Summertown Choral Society’s recent concert was something of a landmark occasion. For the first time in its 48-year history, the society had commissioned a new work, which was given its world premiere in the graceful setting of St Andrew’s Church in Summertown. The chosen composer was Grayston Ives, a former tenor with the King’s Singers and until recently the choir master at Magdalen College.

Ives’s settings of three songs from The Tempest — Come Unto These Yellow Sands, Full Fathom Five and Where the Bee Sucks — were pleasingly adventurous and evocative, and delivered by the choir with style and flair. I expected a slightly more lyrical setting for Come unto these yellow sands, the opening of which was surprisingly frantic, with the sopranos sounding a tad strident. But the music nicely caught the onomatopoeic “Hark, hark! Bow-wow” and “Cock-a-diddle-dow”, and the singers were clearly having fun with it. Full fathom five was given a suitably sepulchral setting, while Where the bee sucks was jauntier, with effective ornamentation to capture the owl’s hoot.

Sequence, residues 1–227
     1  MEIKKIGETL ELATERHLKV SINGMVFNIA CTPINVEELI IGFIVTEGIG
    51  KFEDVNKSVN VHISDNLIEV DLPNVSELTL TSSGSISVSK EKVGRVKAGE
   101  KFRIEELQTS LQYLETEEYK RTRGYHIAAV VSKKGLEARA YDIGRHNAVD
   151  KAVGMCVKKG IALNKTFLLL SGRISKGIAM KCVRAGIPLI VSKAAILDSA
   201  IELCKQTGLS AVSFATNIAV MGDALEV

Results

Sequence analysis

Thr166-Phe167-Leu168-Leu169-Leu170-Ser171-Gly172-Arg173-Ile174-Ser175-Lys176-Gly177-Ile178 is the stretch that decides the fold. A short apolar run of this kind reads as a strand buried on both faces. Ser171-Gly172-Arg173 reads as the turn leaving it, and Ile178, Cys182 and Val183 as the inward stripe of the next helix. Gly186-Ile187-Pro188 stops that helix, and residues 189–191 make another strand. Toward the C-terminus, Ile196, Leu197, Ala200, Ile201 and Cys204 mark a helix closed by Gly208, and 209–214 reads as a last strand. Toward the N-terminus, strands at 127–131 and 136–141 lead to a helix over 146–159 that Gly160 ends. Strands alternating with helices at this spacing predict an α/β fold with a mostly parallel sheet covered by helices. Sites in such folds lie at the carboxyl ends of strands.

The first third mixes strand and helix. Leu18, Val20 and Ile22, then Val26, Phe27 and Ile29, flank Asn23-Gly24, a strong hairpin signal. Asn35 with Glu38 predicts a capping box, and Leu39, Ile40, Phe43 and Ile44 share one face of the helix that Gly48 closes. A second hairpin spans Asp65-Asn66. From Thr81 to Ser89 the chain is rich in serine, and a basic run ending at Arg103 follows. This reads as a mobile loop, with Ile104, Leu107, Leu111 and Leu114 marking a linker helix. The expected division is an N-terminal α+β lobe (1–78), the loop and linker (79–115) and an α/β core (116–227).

An impressive debut, then, which was well received by the audience – although I felt that Ives’s songs sat uneasily alongside the Haydn, Mozart and Bach pieces that made up the rest of the programme. The Heavens are Telling from The Creation was a glorious opener, but it was Mozart’s operatic-style Great Mass in B minor that formed the lynchpin of the evening, and there was some impressive work from the choir, who sang with enthusiasm and energy. There was equally impressive work from the two soprano soloists, Jane Sherriff and Catherine Young, and bass Tom Edwards, but it was tenor Chris Watson whose beautifully melodic tones really shone.

As Mozart left his Mass unfinished, the evening ended with the final two movements of Bach’s Mass in B minor, the Agnus Dei and Dona nobis pacem, which featured a fine contribution from countertenor Stephen Burrows.